Witches: Proto-Feminism and the Collapse of The Patriarchy

Eddie Ejjbair
3 min readDec 28, 2023

Modern witch stories often depict witches as feminists avant la lettre (meaning, before the concept existed). What’s interesting about this is that it is done by both feminists and anti-feminists alike. The former seeks to re-appropriate the image of the witch, while the latter seeks to associate feminism with witchery’s more malign aspects. Both, however, say almost exactly the same thing, but come to two very different conclusions.

Take, for example, Silvia Federici’s Witches, Witch-Hunting, and Women, and Edward Dutton’s Witches, Feminism, and the Fall of the West. The first is told from the feminist perspective. Federici argues that a witch was a woman who resisted the patriarchal order, one who lived outside the confines of society, practising holistic medicine and behaving in what was considered an anti-social way:

They threatened, cast reproachful looks, and cursed those who refused them help; some made nuisances of themselves by sudden, uninvited appearances on their better-off neighbors’ doorsteps or made uncalled for attempts to have themselves accepted by giving small gifts to children. Those who prosecuted them charged them with being quarrelsome, with having an evil tongue, with stirring up trouble among their neighbors, charges that historians have often accepted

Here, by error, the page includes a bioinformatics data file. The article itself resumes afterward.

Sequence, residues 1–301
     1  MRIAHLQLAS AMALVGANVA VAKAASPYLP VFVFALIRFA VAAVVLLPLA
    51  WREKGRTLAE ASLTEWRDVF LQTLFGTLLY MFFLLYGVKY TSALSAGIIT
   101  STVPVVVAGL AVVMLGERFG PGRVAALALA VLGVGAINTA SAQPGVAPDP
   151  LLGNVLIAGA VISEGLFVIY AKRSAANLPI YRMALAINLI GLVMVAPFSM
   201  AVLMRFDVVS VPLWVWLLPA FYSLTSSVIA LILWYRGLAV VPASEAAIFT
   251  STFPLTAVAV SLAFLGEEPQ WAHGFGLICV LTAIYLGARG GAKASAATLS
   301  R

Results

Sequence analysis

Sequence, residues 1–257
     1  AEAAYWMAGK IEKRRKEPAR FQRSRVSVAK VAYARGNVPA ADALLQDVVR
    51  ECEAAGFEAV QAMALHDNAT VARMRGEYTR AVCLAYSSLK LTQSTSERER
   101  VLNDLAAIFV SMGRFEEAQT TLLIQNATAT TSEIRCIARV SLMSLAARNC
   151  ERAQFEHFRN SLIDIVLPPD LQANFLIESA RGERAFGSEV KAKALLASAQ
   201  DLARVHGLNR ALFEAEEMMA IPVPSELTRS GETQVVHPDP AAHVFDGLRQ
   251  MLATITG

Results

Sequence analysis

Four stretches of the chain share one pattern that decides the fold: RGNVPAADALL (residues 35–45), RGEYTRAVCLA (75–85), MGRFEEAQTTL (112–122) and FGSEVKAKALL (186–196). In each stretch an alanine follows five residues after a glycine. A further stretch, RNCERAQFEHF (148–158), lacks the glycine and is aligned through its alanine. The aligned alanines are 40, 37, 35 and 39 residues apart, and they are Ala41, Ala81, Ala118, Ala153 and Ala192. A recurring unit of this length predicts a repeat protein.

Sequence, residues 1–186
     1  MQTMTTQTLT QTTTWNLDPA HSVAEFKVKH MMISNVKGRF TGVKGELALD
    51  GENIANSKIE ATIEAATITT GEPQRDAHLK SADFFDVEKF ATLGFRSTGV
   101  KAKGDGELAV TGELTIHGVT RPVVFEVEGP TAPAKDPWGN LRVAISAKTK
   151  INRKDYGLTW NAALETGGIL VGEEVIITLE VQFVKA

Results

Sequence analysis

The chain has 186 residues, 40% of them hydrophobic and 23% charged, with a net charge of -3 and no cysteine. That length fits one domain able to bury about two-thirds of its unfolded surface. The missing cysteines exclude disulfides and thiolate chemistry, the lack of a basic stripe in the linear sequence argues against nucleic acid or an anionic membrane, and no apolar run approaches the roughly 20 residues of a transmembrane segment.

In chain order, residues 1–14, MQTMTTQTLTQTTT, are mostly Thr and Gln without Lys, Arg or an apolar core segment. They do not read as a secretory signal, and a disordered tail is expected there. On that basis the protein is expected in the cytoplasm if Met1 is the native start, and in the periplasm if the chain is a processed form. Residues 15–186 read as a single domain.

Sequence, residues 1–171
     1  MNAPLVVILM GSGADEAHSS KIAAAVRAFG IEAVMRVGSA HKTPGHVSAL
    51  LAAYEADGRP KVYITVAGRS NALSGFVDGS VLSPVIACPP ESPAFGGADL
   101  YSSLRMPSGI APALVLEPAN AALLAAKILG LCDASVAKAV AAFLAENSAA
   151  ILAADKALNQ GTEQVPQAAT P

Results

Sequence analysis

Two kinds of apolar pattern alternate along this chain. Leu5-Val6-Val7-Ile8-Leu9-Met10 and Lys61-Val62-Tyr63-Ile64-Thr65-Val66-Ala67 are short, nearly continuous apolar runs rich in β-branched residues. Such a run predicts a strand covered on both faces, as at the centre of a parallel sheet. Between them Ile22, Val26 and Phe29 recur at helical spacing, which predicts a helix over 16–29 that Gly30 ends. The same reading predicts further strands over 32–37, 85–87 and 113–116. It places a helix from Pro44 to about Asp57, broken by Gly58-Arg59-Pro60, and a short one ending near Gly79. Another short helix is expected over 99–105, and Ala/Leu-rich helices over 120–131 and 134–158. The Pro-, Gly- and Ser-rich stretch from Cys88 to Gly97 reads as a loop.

Federici does not deny the veracity of these historians, but asks, instead, ‘what drove them to so fiercely hate some of their neighbors as to plot to ruin them economically by killing their animals, spoiling their trades, and inflicting deadly torments on them?’ For Federici, the answer is the ‘increasingly misogynous institutional policy that confined women to a subordinate social position with respect to men and severely punished any assertion of independence on their part and any sexual transgression as a subversion of the social order’.

This is precisely what anti-feminist Edward Dutton writes in Witches, Feminism, and the Fall of the West. According to Dutton, ‘witches tended to be anti-social, undermining group cohesion under conditions in which group cohesion was vital’. He argues that, ‘critics of patriarchy, feminist and otherwise, do not stress its evolutionary logic, particularly a logic that would promote social cohesion’.

--

--

Eddie Ejjbair

‘Gradually it’s become clear to me what every great philosophy has been: a personal confession of its author and a kind of involuntary and unconscious memoir’